sitt mál í kné lituðs stála.

Ungir jǫfrar stofnuðu þing; hersar báru kaldar sakar á dýran hilmi; þeir fýstu hjaldrs; jarl veitti ræsi snarla svǫr. {Frǫmuðr frægða} lagði þá alt mál sitt í kné {snildar skýrs lituðs stála} ok seldi várar; af því fekk {stillir rekka} sætt.

Young lords called an assembly; hersar brought hostile charges against the worthy ruler; they were eager for battle; the jarl gave the king replies quickly. {The promoter of glorious deeds} [WARRIOR = Skúli] then put his entire case into the hands {of the eloquent reddener of weapons} [WARRIOR = Hákon] and gave pledges; by this {the leader of men} [RULER = Skúli] attained reconciliation.

Mss: E(165r), F(104rb), 42ˣ(141r), 81a(96vb), 304ˣ(304v), 325VIII 5 b(1r), Flat(174va) (Hák)

Readings: [1] Þing stofnuðu: Enn þing stefndu 304ˣ;    jǫfrar ungir: so F, 325VIII 5 b, Flat, jǫfra runnar E, 42ˣ, 81a, 304ˣ    [2] svǫr: svar 81a;    ræsi snarla: ræsis varla 42ˣ, ræsi snjalla 325VIII 5 b    [3] hersar: so F, 42ˣ, 81a, 304ˣ, hersa E, hersir 325VIII 5 b, Flat;    báru: ‘bar þa’ corrected from ‘bꜳ þu’ Flat;    á: af 304ˣ, om. Flat;    dýran: snjallan 42ˣ    [4] sakar: sakir 42ˣ, 304ˣ, Flat    [5] frǫmuðr: ‘fromur’ 81a    [6] sætt af því: sætt af F, ‘svor a þvi’ 42ˣ, af því 81a;    stillir: om. 81a;    rekka: ‘rekta’(?) 304ˣ    [7] snildar skýrs ok seldi várar: seldi af því sendir 81a, snildar skýrs ok síðan seldi 304ˣ;    snildar: so F, 42ˣ, 325VIII 5 b, Flat, ‘sialldar’ E;    skýrs: styrs F, skýrr Flat;    várar: so 325VIII 5 b, ‘vara’ E, vára F, ‘vora’ 42ˣ, varrar Flat    [8] í kné: om. 81a, 325VIII 5 b, konungi written in the left margin Flat;    lituðs: litaðs E, 42ˣ, 81a, 304ˣ, lituðr F, Flat, om. 325VIII 5 b;    stála: om. 325VIII 5 b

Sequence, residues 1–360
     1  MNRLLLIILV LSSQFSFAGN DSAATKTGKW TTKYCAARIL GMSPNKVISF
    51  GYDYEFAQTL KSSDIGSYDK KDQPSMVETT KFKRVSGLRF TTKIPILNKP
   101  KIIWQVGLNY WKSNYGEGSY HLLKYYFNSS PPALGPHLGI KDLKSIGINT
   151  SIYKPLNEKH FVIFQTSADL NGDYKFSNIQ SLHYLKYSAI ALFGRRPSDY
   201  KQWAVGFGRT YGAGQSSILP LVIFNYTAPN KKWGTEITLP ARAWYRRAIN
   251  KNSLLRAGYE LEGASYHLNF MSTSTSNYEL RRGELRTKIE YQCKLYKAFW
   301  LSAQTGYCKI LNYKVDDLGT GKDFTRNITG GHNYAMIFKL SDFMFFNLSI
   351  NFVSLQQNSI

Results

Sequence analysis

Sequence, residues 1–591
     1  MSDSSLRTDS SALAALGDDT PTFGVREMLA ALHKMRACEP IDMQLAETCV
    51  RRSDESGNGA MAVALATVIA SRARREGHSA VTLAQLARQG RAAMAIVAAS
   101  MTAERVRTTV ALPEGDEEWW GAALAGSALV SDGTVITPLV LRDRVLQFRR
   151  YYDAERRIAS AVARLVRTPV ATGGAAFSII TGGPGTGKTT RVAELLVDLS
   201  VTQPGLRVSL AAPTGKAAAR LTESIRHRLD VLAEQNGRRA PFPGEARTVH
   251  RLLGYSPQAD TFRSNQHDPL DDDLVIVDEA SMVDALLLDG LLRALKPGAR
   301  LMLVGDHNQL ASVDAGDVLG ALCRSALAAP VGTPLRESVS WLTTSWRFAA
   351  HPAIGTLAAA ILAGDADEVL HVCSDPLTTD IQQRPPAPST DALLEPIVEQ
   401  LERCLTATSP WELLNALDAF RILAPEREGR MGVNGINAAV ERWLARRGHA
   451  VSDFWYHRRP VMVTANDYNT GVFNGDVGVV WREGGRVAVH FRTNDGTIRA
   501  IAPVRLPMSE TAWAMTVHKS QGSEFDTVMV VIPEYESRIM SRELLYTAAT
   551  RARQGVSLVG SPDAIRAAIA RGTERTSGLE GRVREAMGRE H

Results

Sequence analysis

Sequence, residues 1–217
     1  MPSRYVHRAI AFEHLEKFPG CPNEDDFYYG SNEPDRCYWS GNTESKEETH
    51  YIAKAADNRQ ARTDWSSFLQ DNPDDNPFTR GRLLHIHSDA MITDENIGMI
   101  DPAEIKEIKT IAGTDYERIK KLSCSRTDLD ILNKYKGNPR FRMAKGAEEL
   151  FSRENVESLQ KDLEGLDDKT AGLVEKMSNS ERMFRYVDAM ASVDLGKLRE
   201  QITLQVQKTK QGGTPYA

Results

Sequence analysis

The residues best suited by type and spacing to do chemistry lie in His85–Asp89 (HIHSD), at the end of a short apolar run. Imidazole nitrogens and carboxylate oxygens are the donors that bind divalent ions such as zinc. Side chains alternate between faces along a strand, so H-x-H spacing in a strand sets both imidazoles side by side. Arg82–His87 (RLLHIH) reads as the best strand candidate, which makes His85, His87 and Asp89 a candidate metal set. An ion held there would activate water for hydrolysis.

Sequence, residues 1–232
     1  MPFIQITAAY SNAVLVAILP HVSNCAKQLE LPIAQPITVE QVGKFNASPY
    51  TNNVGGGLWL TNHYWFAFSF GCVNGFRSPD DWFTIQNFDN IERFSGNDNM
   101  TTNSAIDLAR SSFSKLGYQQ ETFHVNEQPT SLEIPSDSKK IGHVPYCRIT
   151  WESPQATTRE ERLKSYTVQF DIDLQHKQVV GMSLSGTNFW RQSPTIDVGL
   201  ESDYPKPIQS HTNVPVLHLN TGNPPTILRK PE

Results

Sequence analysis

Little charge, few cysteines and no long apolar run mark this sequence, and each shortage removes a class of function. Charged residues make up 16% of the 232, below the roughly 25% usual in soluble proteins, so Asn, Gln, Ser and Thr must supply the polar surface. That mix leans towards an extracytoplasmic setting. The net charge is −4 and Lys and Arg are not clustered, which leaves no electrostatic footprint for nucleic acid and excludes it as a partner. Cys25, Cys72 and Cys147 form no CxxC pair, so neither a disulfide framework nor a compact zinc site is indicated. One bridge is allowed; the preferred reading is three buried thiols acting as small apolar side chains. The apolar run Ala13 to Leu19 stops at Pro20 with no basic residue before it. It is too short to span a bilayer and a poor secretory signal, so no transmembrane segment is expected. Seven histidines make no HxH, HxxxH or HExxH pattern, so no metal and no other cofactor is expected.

Editions: Skj: Óláfr Þórðarson hvítaskáld, 2. Et hrynhent digt 3: AII, 93-4, BII, 105, Skald II, 56, NN §2279; E 1916, 563, F 1871, 483, Hák 1910-86, 477, Hák 1977-82, 90, Flat 1860-8, III, 108.

Context: Hákon and his followers brought charges against Skúli at an assembly in Bergen, and Skúli defended himself with a long, clever speech. A reconciliation between Hákon and Skúli was effected by the archbishop and bishops in attendance there.

Notes: [All]: See also Anon (Hák) 2. — [3] hersar: This term is used synonymously with lendir menn ‘district chieftains’ in st. 2/6 above to refer to the king’s liegemen. The interchangeability of the terms is mentioned in Skáldskaparmál (SnE 1998, I, 80): ok er þat háttr konunga at setja þar réttara yfir svá mǫrg heruð sem hann gefr vald yfir ok heita þeir hersar eða lendir menn í Danskri tungu ‘and it is the kings’ custom to appoint judicial administrators over as many herǫð as he delegates power over, and these are called hersar or lendir menn in the Scandinavian language’. — [7] snildar skýrs ‘eloquent’: Lit. ‘clear of eloquence’. The adj. skýrs ‘clear’ (m. gen. sg.) agrees with lituðs (m. gen. sg.) ‘reddener’ (l. 8), and so snildar skýrs ‘eloquent’ is taken with lituðs stála ‘reddener of weapons’ i.e. ‘warrior’ (l. 8) to refer to Hákon. The Flat variant skýrr (m. nom. sg.) ‘clear’ agrees with stillir (m. nom. sg.) ‘leader’ (l. 6), thereby associating snildar skýrr ‘eloquent’ with stillir rekka ‘leader of men’ i.e. ‘ruler’ (l. 6) in reference to Skúli. Though it is syntactically simpler and contextually preferable to assign the epithet ‘eloquent’ to Skúli, since he is the one pleading his case, the Flat variant appears to be a lectio facilior. See also NN §2279. — [8] í kné ‘into the hands’: Lit. ‘onto the knees’. — [8] lituðs ‘of the reddener’: Nomen agentis from lita ‘redden, colour’. The emendation is necessary for the warrior-kenning lituðs stála ‘of the reddener of weapons’.

Runic data from Samnordisk runtextdatabas, Uppsala universitet, unless otherwise stated